by Phil Johnson
(This is the continuation of a series begun here.)
et's go back to the passage we began this series with: Ephesians 2:1-3. This time I'll add (in bold italics) two words from verse 4. Those two words mark the pivotal statement of the chapter:
You were dead in your trespasses and sins, in which you formerly walked according to the course of this world, according to the prince of the power of the air, of the spirit that is now working in the sons of disobedience. Among them we too all formerly lived in the lusts of our flesh, indulging the desires of the flesh and of the mind, and were by nature children of wrath, even as the rest. But God . . .
D. Martyn Lloyd-Jones preached one of his most famous sermons on those two words"But God." That simple conjunction marks the apostle Paul's transition from the problem of human depravity to its solution. The only possible solution, Paul says, is the sovereign application of saving grace to the sinner. Are you looking for an explicit statement of Calvinistic doctrine in the Pauline epistles? Here is one of many, and it's a classic. Notice: Paul's whole argument in bringing up the doctrine of human depravity in this context was to make the point that our fallenness leaves us utterly at the mercy of God for salvation. Our utter inabilitywhich Paul has just described as a state of spiritual deathunderscores the absolute necessity of God's sovereignty in salvation. Because we are so thoroughly fallen and spiritually incapacitated, our salvation must be God's work, and God's work alone.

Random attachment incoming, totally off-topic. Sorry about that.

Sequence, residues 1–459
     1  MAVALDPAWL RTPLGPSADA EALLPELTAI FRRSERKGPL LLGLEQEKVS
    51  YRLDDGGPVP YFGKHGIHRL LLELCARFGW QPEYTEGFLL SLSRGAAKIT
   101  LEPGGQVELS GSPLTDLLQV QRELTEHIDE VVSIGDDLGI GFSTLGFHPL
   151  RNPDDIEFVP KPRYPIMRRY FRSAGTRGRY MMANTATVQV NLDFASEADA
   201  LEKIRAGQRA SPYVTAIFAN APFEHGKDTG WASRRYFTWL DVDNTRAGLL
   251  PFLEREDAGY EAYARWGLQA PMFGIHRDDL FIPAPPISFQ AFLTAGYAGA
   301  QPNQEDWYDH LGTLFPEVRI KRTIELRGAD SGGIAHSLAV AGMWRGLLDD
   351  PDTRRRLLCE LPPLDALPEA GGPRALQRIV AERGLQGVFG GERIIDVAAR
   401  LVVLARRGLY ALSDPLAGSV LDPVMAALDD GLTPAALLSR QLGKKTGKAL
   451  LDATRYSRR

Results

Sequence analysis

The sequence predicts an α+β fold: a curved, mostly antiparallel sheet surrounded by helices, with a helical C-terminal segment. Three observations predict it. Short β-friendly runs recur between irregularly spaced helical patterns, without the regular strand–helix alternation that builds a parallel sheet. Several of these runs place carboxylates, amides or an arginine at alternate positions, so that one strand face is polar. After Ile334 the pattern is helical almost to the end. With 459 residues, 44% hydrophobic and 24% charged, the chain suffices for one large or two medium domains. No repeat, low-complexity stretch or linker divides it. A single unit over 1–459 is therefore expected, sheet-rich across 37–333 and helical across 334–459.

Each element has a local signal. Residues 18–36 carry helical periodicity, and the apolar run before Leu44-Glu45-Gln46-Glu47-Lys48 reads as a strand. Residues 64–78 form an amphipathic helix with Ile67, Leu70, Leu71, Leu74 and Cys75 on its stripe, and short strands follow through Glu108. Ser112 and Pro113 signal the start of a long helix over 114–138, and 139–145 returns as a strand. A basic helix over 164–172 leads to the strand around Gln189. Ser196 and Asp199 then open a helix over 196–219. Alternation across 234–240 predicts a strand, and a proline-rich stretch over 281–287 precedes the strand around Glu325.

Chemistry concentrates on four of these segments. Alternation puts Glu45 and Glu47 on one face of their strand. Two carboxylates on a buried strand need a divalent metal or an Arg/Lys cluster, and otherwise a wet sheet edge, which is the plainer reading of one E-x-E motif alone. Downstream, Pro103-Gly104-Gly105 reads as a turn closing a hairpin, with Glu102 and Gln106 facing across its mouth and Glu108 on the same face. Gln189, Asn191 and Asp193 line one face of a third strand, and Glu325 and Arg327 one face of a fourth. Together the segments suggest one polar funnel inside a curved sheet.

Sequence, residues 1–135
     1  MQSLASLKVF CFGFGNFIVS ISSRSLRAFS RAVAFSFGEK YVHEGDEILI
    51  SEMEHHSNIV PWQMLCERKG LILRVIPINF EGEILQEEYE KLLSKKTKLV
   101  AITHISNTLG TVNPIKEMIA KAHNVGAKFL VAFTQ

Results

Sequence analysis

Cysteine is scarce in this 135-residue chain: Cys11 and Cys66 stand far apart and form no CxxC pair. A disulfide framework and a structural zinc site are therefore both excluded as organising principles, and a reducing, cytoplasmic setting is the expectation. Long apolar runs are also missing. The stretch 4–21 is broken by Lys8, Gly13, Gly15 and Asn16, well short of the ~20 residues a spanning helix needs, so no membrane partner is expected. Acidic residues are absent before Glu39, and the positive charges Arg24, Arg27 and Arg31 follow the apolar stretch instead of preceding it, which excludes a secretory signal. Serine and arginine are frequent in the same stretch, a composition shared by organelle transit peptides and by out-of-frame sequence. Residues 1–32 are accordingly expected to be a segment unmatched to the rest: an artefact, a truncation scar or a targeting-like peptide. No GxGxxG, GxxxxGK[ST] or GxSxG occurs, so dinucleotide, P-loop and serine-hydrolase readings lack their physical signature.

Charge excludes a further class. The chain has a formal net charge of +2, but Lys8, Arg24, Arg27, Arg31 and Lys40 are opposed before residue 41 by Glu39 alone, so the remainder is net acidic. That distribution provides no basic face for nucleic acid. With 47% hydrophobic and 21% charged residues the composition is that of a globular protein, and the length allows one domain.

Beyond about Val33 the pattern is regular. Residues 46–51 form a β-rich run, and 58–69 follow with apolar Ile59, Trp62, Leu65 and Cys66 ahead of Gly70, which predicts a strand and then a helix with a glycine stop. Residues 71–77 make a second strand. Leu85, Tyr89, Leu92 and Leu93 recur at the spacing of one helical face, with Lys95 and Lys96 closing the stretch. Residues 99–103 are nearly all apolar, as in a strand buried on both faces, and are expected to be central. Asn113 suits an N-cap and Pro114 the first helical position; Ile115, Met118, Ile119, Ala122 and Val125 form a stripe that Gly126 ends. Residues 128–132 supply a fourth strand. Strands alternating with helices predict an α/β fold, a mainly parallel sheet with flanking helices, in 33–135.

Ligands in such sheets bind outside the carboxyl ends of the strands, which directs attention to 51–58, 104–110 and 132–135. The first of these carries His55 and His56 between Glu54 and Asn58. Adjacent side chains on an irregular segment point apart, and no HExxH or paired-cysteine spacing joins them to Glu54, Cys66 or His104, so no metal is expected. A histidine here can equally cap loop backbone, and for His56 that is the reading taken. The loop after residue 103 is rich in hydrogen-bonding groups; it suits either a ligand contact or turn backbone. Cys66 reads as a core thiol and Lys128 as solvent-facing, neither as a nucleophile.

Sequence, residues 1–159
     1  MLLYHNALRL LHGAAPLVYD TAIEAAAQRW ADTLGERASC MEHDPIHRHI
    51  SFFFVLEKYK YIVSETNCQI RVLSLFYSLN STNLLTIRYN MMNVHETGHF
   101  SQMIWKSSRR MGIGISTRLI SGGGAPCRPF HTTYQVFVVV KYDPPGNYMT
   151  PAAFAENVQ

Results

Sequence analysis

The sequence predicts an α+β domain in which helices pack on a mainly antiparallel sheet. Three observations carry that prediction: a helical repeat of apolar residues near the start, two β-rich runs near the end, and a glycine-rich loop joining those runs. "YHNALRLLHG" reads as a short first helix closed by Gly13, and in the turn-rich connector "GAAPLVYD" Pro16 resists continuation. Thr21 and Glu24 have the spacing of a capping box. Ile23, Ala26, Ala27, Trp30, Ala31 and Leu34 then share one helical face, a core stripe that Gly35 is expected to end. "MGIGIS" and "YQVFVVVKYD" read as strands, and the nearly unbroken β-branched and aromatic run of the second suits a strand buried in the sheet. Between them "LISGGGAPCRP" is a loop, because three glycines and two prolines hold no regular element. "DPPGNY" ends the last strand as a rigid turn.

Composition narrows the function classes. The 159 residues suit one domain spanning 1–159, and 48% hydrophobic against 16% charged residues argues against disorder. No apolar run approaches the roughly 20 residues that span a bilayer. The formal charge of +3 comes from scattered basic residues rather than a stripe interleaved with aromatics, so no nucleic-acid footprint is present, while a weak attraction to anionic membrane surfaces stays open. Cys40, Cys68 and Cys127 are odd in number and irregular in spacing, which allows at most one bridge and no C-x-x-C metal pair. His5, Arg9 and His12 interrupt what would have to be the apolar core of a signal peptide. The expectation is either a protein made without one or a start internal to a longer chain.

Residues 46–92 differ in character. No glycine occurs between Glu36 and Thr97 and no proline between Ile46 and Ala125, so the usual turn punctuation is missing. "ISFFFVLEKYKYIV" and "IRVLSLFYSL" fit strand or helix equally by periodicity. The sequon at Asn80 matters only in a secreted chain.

This truth does not come out of nowhere. Paul already established the truth of divine sovereignty in chapter 1, where he reminded the Ephesians that God chose them (4), predestined them (5), guaranteed their adoption (5), bestowed on them His grace (6), redeemed them (7), forgave them (7), lavished riches of grace on them (8), made known to them His will (9), obtained an inheritance for them (11), guaranteed that they would glorify Him (11-12), saved them (13), and sealed them with the Spirit (13-14). All those same truths are true of every believer. In short, God "has blessed us with every spiritual blessing in the heavenly places in Christ" (3). All of this is the work of His sovereign grace, performed not because of any good in us, but simply "according to the kind intention of His will" (5, 9) and "according to His purpose who works all things after the counsel of His will" (11).
There's not a hint of Arminianism in that. There's not a whisper of stress on human free will. Paul is expressly teaching that all of salvation is God's work and He is absolutely sovereign in the process. In fact, Ephesians 2 begins with the passage quoted in red type in the block paragraph above, stressing the utter inability of spiritually-dead sinners, and then it culminates with Paul's statement in verse 10 that even the good works done by believers were prepared by God beforehand! How could Paul have been any more clear or emphatic about the truth of God's sovereignty in our salvation?
In fact, this is the central message of Ephesians 2: salvation is entirely God's work. We're not to think redemption hinges on any work, motion, activity, or free-will choice on the part of the sinner. Verses 8-9 therefore constitute a succinct thesis statement for the whole chapter: "By grace you have been saved through faith; and that not of yourselves, it is the gift of God; not as a result of works, [so] that no one [can] boast" (8-9).
"But God!"and here we see the only possible cure for human depravity, the grace of a loving God:
But God, being rich in mercy, because of His great love with which He loved us, even when we were dead in our transgressions, made us alive together with Christ (by grace you have been saved), and raised us up with Him, and seated us with Him in the heavenly places, in Christ Jesus, in order that in the ages to come He might show the surpassing riches of His grace in kindness toward us in Christ Jesus. For by grace you have been saved through faith; and that not of yourselves, it is the gift of God; not as a result of works, that no one should boast.